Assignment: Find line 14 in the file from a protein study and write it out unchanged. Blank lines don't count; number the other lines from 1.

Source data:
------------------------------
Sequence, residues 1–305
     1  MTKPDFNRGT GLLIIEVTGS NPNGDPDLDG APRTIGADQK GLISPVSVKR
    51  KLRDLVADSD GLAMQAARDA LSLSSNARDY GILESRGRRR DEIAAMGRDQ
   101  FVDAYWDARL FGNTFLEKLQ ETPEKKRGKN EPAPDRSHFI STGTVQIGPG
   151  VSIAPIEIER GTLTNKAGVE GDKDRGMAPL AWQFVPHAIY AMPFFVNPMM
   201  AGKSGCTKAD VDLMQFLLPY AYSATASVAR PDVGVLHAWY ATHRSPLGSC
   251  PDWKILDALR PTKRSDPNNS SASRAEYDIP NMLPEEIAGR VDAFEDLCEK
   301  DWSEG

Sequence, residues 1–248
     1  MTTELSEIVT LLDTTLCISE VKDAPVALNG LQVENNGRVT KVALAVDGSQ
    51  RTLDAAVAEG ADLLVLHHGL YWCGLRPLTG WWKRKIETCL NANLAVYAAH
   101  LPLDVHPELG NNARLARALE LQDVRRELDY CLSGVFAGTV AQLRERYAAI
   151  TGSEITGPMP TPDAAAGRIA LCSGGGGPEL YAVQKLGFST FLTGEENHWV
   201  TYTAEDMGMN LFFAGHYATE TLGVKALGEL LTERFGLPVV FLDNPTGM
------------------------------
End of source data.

   201  TYTAEDMGMN LFFAGHYATE TLGVKALGEL LTERFGLPVV FLDNPTGM